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Conjugative Type IV secretion systems in the Xanthomonadaceae family: Investigating structure-function diversity

Grant number: 21/10590-6
Support Opportunities:Scholarships in Brazil - Post-Doctorate
Effective date (Start): June 01, 2022
Effective date (End): February 14, 2023
Field of knowledge:Biological Sciences - Microbiology - Biology and Physiology of Microorganisms
Principal Investigator:Shaker Chuck Farah
Grantee:Leonardo Talachia Rosa
Host Institution: Instituto de Química (IQ). Universidade de São Paulo (USP). São Paulo , SP, Brazil
Associated research grant:17/17303-7 - Structure and function of bacterial secretion systems, AP.TEM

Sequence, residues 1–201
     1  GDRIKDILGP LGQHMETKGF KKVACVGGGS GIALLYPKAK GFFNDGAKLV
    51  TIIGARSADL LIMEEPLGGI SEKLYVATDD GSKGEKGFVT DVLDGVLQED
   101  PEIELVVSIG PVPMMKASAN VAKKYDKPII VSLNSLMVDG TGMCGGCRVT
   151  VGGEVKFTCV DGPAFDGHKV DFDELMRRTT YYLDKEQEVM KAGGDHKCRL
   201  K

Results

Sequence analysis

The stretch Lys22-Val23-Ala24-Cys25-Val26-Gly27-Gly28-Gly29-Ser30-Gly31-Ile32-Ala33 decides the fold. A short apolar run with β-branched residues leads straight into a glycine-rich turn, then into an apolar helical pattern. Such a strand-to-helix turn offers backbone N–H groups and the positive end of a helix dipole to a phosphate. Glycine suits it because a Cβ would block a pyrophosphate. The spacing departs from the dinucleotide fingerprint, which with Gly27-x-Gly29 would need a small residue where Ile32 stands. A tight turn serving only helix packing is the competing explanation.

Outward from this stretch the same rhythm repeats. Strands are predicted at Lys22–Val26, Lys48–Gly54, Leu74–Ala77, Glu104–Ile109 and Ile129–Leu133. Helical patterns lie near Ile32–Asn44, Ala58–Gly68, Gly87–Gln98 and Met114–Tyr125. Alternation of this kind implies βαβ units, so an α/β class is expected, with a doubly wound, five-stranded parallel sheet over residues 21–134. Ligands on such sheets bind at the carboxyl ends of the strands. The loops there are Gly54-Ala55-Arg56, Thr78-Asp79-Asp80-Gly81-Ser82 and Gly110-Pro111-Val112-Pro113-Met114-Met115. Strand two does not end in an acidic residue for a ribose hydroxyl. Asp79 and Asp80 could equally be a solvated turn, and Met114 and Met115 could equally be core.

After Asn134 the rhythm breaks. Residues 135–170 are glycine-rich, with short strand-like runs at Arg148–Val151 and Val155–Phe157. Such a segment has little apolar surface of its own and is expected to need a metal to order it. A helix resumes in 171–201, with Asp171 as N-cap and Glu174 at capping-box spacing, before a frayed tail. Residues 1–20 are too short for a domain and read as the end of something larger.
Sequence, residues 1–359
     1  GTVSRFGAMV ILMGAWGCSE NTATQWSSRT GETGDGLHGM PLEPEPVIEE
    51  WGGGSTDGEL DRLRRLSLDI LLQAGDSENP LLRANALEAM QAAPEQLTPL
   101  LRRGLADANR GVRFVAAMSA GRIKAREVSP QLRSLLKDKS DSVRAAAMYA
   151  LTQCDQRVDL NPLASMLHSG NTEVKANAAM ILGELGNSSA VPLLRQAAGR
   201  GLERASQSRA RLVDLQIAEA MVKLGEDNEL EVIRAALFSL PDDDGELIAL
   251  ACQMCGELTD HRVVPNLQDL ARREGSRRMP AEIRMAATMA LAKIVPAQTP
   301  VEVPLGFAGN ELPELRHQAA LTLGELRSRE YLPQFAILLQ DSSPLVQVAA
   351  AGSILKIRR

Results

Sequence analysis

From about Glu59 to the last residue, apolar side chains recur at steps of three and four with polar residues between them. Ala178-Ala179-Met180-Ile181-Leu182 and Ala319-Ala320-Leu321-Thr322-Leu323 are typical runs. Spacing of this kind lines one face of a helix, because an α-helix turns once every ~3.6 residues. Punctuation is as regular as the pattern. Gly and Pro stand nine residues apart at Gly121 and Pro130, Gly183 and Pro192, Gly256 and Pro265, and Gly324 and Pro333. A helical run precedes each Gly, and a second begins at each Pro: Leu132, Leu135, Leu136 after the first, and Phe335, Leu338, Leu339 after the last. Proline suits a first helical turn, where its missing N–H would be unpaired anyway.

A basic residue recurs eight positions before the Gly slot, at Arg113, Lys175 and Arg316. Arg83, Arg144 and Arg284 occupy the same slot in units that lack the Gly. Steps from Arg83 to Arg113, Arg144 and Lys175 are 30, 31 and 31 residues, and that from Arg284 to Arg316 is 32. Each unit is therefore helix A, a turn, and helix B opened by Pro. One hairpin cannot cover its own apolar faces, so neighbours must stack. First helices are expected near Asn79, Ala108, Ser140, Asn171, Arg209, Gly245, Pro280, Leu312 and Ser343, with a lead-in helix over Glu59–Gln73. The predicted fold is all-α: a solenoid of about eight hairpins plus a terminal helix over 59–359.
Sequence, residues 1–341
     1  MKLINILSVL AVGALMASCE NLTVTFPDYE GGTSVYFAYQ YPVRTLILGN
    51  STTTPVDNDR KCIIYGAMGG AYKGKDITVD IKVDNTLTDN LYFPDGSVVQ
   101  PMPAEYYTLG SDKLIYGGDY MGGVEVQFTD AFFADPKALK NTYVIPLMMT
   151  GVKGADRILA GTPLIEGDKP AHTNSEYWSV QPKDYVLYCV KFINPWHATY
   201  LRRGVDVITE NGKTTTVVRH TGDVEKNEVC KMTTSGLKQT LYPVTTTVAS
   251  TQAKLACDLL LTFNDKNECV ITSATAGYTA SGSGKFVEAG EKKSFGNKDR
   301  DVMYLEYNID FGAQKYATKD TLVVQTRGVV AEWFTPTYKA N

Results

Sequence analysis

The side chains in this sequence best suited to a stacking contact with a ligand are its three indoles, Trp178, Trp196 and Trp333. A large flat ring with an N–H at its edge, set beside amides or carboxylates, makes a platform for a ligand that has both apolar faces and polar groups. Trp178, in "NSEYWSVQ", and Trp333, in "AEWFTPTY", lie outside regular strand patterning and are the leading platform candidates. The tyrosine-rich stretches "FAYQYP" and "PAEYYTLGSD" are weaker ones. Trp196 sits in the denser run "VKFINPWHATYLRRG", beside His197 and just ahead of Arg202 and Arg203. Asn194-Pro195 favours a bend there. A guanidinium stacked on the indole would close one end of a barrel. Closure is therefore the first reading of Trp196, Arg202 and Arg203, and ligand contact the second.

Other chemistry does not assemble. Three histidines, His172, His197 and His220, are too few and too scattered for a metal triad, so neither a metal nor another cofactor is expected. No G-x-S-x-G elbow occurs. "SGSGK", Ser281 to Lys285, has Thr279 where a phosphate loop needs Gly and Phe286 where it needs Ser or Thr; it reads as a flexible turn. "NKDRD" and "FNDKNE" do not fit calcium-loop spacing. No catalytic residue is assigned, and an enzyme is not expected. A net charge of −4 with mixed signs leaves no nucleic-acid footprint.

Type IV Secretion systems (T4SS) are macromolecular protein complexes in bacteria which, encompassing the membranes, mediate the exchange of DNA and protein effectors to target cells, playing a key role in conjugation, bacterial competition, eukaryotic cell invasion and immune system evasion in different species. In the last fifteen years, our group have been studying the role of bacteria-killing T4SS in Xanthomonas citri, the causative agent of canker citrus, and in the opportunistic pathogen Stenotrophomonas maltophilia, both belonging to the Xanthomonadaceae family. Our genome searches revealed that these two species contain each an additional T4SS cluster, so far uncharacterized and annotated as participating in bacterial conjugation. These systems have in common the absence of a VirB7 homolog, a so far universal component of the Outer Membrane Core Complex (OMCC), providing a convenient model to explore the minimum requirements for T4SS assembly. Moreover, the genomic location and distance from conjugative components in the S. maltophilia system indicate that its primary function differs from bacterial conjugation, and we hypothesize it may participate in eukaryotic cell invasion in the context of opportunistic pathogenicity. Thus, we aim to evaluate the participation of these two T4SS in conjugation and eukaryotic cell invasion, as well as to define the structure of their OMCC using Single-Particle Analysis Cryo-electronic microscopy (SPA-CryoEM). Minor components of these systems with unknown function will also be studied at their physiological and structural level. The results generated by this project will expand the knowledge on the function and structural diversity of T4SS, as well as on the metabolism of free-living and opportunistic pathogenic bacteria.

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